Hay Fever Symptoms, Causes & Treatment

Ah springtime – what a joyous season! Lambs are frolicking, new leaves are poking out, and all the flowers are poking out their pretty heads – with loads of pollen in the mix, of course. If you number among the 15 and 40% of the adult population that suffers from hay fever symptoms, you’ll know that this is not exactly quite as wonderful as it may sound.  


What Causes Hay Fever?

Hay fever, or allergic rhinitis, is essentially caused by a hypervigilant immune system. People who get seasonal allergies have a strong immune response to airborne allergens (e.g. pollen), which means that their immune systems ‘read’ these harmless allergens as dangerous, and produce antibodies for this substance. 

When you encounter the allergens again, your immune system is then prompted to release histamine into your bloodstream. Histamine is a biologically active substance involved in local immune responses, as well as regulating physiological function in the gut. It helps your body to ‘flush out’ the allergen by making your eyes and nose run, and causing a cough. 

So, in layman’s terms, hay fever is your body bringing its A-game to protect you against a perceived threat. The results may not be all that fun, but you’ve got to be impressed by this immense effort to keep all systems running. 


Hay Fever Symptoms

So, how exactly do you know whether you have hay fever, or just a cold? After all, the treatments for these conditions differ quite a bit. It all comes down to keeping close tabs of your symptoms. 

Hay fever normally presents with a runny nose, nasal congestion, watery and itchy eyes, sneezing, coughing, a post-nasal drip, fatigue, as well as an itchy nose and/or throat. What sets it apart from the common cold is the onset and duration of the symptoms, as well as the quality of the discharge (AKA the snot – sorry, we know it’s gross, but that’s what it comes down to!).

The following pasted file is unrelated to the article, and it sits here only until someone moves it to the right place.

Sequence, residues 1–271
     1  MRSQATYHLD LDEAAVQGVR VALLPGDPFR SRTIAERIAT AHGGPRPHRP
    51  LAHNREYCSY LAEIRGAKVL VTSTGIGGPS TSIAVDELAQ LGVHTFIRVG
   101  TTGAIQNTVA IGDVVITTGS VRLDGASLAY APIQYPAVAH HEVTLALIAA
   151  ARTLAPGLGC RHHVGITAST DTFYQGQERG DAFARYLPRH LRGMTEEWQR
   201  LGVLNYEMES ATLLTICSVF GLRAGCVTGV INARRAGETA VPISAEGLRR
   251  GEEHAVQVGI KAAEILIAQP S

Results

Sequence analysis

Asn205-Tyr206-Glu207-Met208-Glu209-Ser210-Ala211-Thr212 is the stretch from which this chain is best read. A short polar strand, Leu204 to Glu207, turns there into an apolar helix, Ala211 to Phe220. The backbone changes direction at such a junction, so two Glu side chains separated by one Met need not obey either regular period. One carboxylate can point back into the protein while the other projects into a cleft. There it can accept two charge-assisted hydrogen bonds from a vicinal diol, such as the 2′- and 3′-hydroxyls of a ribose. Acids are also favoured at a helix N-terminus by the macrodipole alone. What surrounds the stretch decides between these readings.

Hay fever starts up as soon as you are exposed to allergens, and clears up pretty soon afterwards. The discharge is colourless and watery, and contrary to the name of the condition, there is normally no fever. 

The common cold, on the other hand, lasts three to seven days, and takes around three days to take hold after exposure to the virus. It presents with body aches, a low-grade fever and yellow-ish nasal discharge. 


Hay Fever Treatment

Treating hay fever essentially means supporting your body in dealing with airborne allergens that are more prevalent in springtime. There are a few ways to do so. You can start by tailoring your home environment to be more allergy-friendly. Here are a few guidelines: 

  • Invest in a humidifier. A humidifier adds moisture to the air, which is, in turn, inhaled by you. This moisture can relieve inflamed and irritated airways, alleviating symptoms like coughing and congestion, itchy eyes, etc. 

  • Get allergy-friendly bedding. If hay fever is an issue for you, steer clear from bedding that contains down or feathers, which can exacerbate this issue. Rather opt for fabrics like organic cotton, wool or microfibres. Also, rather forgo line-drying your bedding in peak pollen season, since pollen can get trapped in the fabric, causing issues at night. 

  • Shower thoroughly before bed. Pollen can stick to your skin and hair. Take a nice hot shower before bed to clean off any vestiges of pollen before heading to bed. Inhaling the steam can also alleviate congestion. 

  • Try allergy-prevention supplements & anti-allergic medications. Consider incorporating daily immune support and/or allergy-prevention medications in your routine. Tissue salt tablets such as Natura Combin Assist Allergy Tablets, can assist in supporting the body in helping to relieve symptoms of mild allergies. For the little ones, there’s Doctor Daycare Allergy Syrup, the perfect hay fever supplement for kids suffering from allergic rhinitis, sinusitis, mild asthma and sore throats.


Final Thoughts


Knowing what causes hay fever and how you can lessen the symptoms thereof on a daily basis is likely to leave you less congested (and, let’s face it – irritated!), this springtime. Follow the guidelines set out in the article to see which approach works best for your unique body and set of circumstances. You never know, you may just enjoy your least congested season yet!


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